In an attempt to salvage the National Flood Insurance Program (NFIP) and their roughly $30B deficit, Congress passed Biggert Waters Flood Insurance Reform Act in July of 2012. While the Act is currently in place and changes have already taken place, most of the Act’s changes that will affect many homeowners and business owners will become effective October 1st, 2013. As a real estate agent, your clients will be affected in some way or another; both buyers and sellers. Below is a brief and [hopefully] easy to understand breakdown of the changes to the program and how your real estate clients might be affected.
The Nuts and Bolts
1. Full Risk Rates for NEW and LAPSED Pre-Firm Flood Policies
What this means is that when a buyer purchases a home, that is a pre-firm home, then they will not be able to acquire the subsidized rates from the seller. This use to be a major benefit. This may cause a significant impact in the buying capacity as well as the market price of a home because the flood insurance premium could go from $1,000 annually to $6,000 annually, as an example.
What are Pre-firm homes? Pre-firm homes are homes built prior to the flood insurance program going into effect for a specific community. Post-firm homes are homes built after the flood insurance program going into effect, so if your home was built in 1990 then you are post-firm. The dates below are when each community entered into the flood insurance program:
- Charleston County- 4/27/71
- Berkeley County- 9/30/1983
- Dorchester County- 1/6/1982
How do you know what the full risk rate is and how will you know what your premium will go to? Read further…
2. New elevation certificate requirement on All policies
The only way you can find out what the full risk rate will be is by having an elevation certificate completed. Starting 10/1/13, ALL NEW flood applications in an A or V zone will be required to have an elevations certificate regardless of the year built. Elevation Certificates did not used to be required on Pre-Firm buildings, now they will be.
Elevation Certificates typically cost anywhere from $300-$700. However, Mappus Insurance Agency has negotiated a preferred flat rate of $325 with Atlantic Surveying, Inc. Please visit our Flood Insurance page on our website, www.mappusinsurance.comto print off your coupon.
3. Rate increases across the board for all policies
Current policies will see increases on average of 10% annually. This includes both pre and post firm homes. Most post-firm homes will see very minimal change. For current pre-firm policyholders, you will continue to receive the gradual increase till you reach the full rate. Again, the only way you can find out your full rate is by getting an elevation certificate completed.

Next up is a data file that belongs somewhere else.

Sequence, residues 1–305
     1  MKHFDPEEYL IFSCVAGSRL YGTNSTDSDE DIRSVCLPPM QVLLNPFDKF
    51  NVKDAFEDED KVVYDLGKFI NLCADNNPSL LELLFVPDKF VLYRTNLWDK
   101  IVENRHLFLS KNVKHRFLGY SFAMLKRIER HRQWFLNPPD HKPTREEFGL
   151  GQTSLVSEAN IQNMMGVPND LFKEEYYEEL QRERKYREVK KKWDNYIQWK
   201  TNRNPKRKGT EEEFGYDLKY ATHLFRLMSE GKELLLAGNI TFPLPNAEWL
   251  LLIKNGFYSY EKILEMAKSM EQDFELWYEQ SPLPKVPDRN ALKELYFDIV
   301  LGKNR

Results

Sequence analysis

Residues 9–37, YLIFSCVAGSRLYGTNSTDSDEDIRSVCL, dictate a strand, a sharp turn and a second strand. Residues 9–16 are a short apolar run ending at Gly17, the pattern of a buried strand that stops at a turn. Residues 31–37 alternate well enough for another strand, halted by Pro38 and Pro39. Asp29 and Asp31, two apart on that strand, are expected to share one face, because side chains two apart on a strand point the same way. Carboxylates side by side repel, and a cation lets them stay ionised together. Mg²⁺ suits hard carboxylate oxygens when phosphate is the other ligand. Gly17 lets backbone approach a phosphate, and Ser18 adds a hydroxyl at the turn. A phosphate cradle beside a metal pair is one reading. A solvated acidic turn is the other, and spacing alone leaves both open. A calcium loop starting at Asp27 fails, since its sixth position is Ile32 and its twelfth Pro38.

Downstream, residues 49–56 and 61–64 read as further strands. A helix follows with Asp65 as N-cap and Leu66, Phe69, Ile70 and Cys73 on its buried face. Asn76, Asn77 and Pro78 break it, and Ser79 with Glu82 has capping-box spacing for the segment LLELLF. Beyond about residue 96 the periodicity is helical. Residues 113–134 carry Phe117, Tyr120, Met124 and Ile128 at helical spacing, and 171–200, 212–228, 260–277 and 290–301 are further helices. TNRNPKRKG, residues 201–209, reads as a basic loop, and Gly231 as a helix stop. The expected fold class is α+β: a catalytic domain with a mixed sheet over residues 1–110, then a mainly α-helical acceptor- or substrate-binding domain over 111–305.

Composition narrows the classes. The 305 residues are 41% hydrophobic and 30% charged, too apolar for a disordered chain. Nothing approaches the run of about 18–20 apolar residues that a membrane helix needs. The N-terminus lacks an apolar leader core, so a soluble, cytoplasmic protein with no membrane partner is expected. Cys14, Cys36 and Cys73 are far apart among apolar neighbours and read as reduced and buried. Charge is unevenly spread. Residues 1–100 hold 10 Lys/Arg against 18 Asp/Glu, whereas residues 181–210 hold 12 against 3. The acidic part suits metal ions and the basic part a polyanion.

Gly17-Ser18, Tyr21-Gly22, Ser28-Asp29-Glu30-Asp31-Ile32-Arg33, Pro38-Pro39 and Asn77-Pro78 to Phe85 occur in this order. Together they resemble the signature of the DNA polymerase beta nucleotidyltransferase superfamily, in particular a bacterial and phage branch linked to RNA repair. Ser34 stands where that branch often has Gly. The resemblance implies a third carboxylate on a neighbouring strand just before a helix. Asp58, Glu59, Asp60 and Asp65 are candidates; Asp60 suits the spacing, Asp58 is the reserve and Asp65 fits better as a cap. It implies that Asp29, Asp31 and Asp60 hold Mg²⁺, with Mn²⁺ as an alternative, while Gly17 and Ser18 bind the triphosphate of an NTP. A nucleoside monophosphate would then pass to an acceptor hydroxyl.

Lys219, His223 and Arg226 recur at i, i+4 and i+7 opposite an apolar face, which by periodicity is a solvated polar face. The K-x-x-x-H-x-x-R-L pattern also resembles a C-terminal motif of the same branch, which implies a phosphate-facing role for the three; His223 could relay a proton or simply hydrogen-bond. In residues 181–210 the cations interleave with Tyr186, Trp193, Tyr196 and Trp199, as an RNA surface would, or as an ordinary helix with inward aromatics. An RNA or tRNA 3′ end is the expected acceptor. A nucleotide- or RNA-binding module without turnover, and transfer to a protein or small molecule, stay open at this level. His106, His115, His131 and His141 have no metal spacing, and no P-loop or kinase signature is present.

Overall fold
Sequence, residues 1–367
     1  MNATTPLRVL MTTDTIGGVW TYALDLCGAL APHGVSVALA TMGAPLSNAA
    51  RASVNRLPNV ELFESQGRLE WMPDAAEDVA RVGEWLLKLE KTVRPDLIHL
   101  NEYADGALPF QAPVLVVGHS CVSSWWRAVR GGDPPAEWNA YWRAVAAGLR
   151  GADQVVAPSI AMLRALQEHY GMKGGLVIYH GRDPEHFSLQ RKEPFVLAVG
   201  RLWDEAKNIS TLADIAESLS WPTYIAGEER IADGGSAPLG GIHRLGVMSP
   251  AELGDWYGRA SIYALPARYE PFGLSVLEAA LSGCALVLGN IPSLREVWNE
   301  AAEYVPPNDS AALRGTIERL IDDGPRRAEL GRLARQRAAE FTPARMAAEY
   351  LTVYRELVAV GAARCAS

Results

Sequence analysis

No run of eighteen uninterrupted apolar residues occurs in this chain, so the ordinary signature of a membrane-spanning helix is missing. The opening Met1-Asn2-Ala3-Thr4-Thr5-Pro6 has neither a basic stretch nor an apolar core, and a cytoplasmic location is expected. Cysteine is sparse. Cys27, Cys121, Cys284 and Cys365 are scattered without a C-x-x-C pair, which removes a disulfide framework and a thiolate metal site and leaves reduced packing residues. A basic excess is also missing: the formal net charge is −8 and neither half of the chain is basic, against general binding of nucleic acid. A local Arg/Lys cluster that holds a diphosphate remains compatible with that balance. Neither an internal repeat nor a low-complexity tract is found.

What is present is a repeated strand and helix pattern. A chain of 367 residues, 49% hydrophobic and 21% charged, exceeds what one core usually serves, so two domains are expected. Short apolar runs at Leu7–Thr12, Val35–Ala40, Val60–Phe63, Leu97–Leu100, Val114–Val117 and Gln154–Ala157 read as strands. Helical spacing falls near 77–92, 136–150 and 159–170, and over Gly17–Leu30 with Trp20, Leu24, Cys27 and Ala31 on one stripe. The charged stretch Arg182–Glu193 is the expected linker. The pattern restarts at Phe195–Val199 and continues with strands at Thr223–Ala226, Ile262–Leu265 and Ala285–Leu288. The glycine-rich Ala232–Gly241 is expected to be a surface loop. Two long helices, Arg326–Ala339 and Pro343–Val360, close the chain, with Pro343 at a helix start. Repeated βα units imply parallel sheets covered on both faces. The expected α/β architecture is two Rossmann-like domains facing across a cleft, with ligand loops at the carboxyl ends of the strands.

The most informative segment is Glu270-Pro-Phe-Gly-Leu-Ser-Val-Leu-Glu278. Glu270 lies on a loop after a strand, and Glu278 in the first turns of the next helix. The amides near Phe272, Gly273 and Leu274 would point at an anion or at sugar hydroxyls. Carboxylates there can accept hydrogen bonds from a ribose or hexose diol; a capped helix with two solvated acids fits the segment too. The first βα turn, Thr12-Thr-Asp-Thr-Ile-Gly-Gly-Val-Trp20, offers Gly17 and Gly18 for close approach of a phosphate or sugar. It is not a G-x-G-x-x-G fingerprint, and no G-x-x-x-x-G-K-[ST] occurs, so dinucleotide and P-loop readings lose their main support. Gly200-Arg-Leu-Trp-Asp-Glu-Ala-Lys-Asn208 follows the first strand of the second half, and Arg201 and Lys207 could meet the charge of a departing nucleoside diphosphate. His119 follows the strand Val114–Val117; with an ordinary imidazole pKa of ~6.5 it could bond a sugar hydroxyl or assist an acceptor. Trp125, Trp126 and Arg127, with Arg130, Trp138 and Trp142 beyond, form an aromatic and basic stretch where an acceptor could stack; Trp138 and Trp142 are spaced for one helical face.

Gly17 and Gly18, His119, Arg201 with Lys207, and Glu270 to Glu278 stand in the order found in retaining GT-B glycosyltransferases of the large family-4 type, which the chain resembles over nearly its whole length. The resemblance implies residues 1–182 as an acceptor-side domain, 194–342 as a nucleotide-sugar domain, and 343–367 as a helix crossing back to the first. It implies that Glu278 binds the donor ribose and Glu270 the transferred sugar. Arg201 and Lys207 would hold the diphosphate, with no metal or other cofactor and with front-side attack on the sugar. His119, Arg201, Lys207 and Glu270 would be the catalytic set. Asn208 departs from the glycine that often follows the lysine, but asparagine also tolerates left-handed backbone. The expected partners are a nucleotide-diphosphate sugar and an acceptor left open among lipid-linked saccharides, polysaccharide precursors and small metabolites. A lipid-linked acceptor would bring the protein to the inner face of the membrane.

4. The 30 day waiting period is changing
Effective 10/1/13, the NFIP will ONLY waive the 30-day waiting period for new loan transactions. No longer will they waive it “just because” the mortgage company requires it (i.e. the bank suddenly realizes you need flood insurance after the mortgage has already begun).
Many mortgage companies are now requiring the actual flood policy dec page to close a loan but this is not possible because they also now require you to escrow your flood premium.
5. Remember that policy assignment is no longer a benefit
Currently, if you sell your property, you can “assign” your flood policy to the new owner and the new owner gets to keep your current rates and won’t need an Elevation Certificate. Effective 10/1/13, the new owner will be subject to the full rate premium and the new elevation certificate rules will apply.
Tip: Have the seller go ahead and get an elevation certificate completed so all parties understand the severity of the change in rate. In some cases it can be thousands of dollars annually in policy premiums.
6. Grandfathering will be going away in the near future
This will be HUGE -when put into effect- but Grandfathered renewals will continue to get their reduced grandfathered rates for the time being – but they will be eliminated eventually -TBD…2015… Grandfathering is given to post-firm homeowners that met the flood requirements at the time their home was built but since that time the requirements or the flood mapping changed.
To bring things back around, these are the major NFIP changes to be aware of but they are certainly not all of the changes. Please visit FEMA’s website which breakdowns many facets of the current and upcoming changes to the NFIP program by clicking here. As always, you and your real estate clients can visit the Flood Smart website to learn more about flood insurance in general; what is covered, how to get covered as well as how to prepare for floods and be safe in flooded areas.
Additionally, you and your real estate clients should work with a knowledgeable insurance advisor that not only understands flood insurance but one that understands these upcoming changes. Don’t get surprised by a last minute flood insurance issue that can ruin a real estate deal and your reputation.
If you take anything away from this article, it is highly recommended to go ahead and have all sellers get an elevation certificate completed to see what their true flood rate exposure is. This will help buyers understand what their potential flood risk and cost might be moving forward. Doing this can eliminate many headaches, lost sales and potential lawsuits.
If you have any questions related to this article, flood insurance or homeowners insurance, please contact Mappus Insurance Agency at 843.763.4200 or visit our website at www.mappusinsurance.com
To receive a flat $325 Elevation Certificate, please visit our flood insurance page and print off the coupon from Atlantic Surveying, Inc.